The retail industry is evolving in 2016 all around the world: consumer buying patterns are shifting; retailers are focused on further bridging different shopping channels; mobile shopping is booming, and social media keeps playing a growing role in the customer’s path to purchase. That said, retailers should get a better understanding of all the elements that concur to making the customer experience memorable.
According to cloud-based retail software platform Vend’s 2016 Retail Trends and Predictions report, in a few years, companies will compete mainly on the level of customer experience rather than price or products. Customers are at the core of this revolution. They want convenience, speed, and ease, without sacrificing the quality of products or shopping experience.
Dr. Alisha Stein and Prof. B. Ramaseshan from Curtin University conducted a study, the first of its kind, which looks at the elements that include customer experience touch points. “Customers have experiences every time they ‘touch’ any part of the product, service, brand or organization, across multiple channels and at various points in time. Such moments of truth between the customer and any part of the company are known as ‘touch points’,” write the authors.
The data analysis process revealed seven distinct themes related to the customer experience touch points: atmospheric, technological, communicative, process, employee-customer interaction, customer-customer interaction, and product.
1. Atmospheric (the environment customers notice when interacting with any part of the retail channels in both pre and post-purchase)
This underlines different atmospheric elements at different touch points, and occurs at all stages of a customer’s journey. In digital channels, e.g. online hotel booking, department store’s mobile application design, customers are influenced by colors, graphics, designs, music, layout. In physical in-store environments, things like sensory factors and visual aspects are key components in the customer experience.
2. Technological (customer interaction with any form of technology)
This includes user-friendly websites e.g. buying books online. Technology facilitates transactions in an easier and convenient fashion and is a core component of a touch point in both digital and physical settings (POS, tablets and kiosks). With technology becoming such a big part of the retail industry, Dr. Stein explained that retailers should implement a real-time customer experience assessment strategy.
She added: “Emerging technologies such as mobile applications and in-store tablet feedback systems enable retailers to capture instantaneous customer feedback without overwhelming the consumer at the point-of-experience. Real-time insights offer realistic snapshots of the customer experience through the perspective of the consumer at each individual touch point, providing retailers with instantaneous feedback that enables them to respond promptly to service failures and other issues that have potential adverse effect on the delivered experience.”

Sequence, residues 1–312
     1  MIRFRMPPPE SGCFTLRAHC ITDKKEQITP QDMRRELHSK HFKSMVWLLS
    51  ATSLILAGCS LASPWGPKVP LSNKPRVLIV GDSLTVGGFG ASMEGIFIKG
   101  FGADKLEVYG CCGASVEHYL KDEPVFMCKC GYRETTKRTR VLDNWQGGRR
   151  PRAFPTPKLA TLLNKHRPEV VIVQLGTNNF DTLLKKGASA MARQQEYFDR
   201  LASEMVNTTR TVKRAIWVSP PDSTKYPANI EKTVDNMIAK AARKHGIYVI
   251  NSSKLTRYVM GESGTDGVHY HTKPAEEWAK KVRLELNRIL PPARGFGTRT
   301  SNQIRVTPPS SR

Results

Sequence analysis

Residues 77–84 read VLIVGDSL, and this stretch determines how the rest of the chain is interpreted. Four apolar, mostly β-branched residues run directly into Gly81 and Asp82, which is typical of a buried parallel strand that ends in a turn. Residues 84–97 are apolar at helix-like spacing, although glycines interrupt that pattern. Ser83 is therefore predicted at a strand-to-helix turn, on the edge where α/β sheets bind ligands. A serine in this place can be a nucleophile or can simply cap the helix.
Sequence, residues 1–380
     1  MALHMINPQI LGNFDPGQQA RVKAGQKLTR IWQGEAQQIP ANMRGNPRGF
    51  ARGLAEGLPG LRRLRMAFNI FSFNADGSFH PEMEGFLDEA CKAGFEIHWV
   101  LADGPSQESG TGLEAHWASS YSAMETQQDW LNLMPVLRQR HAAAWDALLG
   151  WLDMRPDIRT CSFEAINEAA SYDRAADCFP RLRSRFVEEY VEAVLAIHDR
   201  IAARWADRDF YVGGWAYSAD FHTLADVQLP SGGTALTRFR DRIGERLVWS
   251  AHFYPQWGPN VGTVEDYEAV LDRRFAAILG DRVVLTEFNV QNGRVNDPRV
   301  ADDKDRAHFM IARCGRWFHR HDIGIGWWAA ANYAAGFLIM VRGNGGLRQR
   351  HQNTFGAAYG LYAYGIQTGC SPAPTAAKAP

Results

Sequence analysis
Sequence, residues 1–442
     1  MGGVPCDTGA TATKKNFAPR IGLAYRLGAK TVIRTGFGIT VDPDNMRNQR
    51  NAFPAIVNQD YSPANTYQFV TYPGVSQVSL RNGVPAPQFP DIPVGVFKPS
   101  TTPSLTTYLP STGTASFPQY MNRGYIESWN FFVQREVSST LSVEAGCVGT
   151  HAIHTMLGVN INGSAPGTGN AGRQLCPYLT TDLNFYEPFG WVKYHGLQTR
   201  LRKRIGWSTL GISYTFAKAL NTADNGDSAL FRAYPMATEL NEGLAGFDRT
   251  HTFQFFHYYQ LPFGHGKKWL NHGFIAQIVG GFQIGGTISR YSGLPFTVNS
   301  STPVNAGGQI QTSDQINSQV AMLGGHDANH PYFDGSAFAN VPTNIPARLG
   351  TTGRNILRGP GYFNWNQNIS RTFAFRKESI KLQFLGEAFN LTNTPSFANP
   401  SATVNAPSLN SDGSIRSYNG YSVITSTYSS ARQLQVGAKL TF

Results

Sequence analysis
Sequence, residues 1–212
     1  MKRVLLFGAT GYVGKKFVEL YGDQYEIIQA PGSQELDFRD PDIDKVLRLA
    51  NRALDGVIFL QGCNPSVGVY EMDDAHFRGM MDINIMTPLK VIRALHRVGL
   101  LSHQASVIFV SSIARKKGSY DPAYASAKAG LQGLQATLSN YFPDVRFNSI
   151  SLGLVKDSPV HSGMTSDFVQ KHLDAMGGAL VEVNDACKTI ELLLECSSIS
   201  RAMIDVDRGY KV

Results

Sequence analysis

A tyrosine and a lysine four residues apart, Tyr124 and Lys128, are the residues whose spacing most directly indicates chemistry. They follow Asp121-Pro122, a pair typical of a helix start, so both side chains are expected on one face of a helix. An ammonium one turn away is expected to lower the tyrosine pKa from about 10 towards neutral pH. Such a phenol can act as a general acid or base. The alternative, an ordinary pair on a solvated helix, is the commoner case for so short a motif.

3. Communicative (one-way communication from the retailer to the customer)
Retailers provide consumers with informative content and promotional messages through email, SMS, direct mail, TV ads, phone calls, etc. Such communicative elements are important for customer experience during search and evaluation stages, as well as throughout and post-purchase stages.
4. Process (actions customers need to take in order to achieve a certain outcome with a retailer)
This plays an important part in the customers’ perception and evaluation of retail encounters. In physical stores, it involves check-out service time, service process and how the customer moves inside the store. In digital settings, it’s how customers respond to the digital processes on ease of use and technology platform’s responsiveness, whether it’s desktop or mobile.
5. Employee-customer interaction (direct-indirect interactions customers have with retailer’s employees)
Direct interaction is key, especially in in-store retail settings, as consumers rely on experienced employees’ advice and insight in their purchase process. In many cases, this contributed to the quality of the customer experience. Employee-customer interaction also extends to email, phone, and online forums.
6. Customer-customer interaction (direct-indirect interactions customers have with other customers when interacting with any part of a retailer)
This type of interaction is pretty common in the pre-purchase stage. Customers rely on word-of-mouth feedback from familiar sources, online customer reviews, or from individuals with previous experience with a retailer. Customers interact with each other post-purchase too, e.g. a conversation between two customers in a physical store.
This can take place in both physical (e.g. a café) and digital channels (a social network). Customers can indirectly interact with a product on social media, which then prompts them to visit the retailer’s website and easily place their order. When done in a café or restaurant, the authors looked at a customer negative experience with potential long-term repercussions for the retailer as the unhappy customer intended to spread the negative feedback.
Previous research used to look at customer experience as an overall evaluation, limiting the knowledge of the key decisive moments between the customer and retailer. This study sets the groundwork for the development of a theoretical model of customer experience. The results offer retailers an understanding of the clear touch point elements that happen along the customer’s journey that improve customer experience.
Sources & Read more:
Stein, Alisha, and B. Ramaseshan. “Towards the identification of customer experience touch point elements.” Journal of Retailing and Consumer Services 30 (2016): 8-19. (link)
Vend’s 2016 Retail Trends & Predictions Report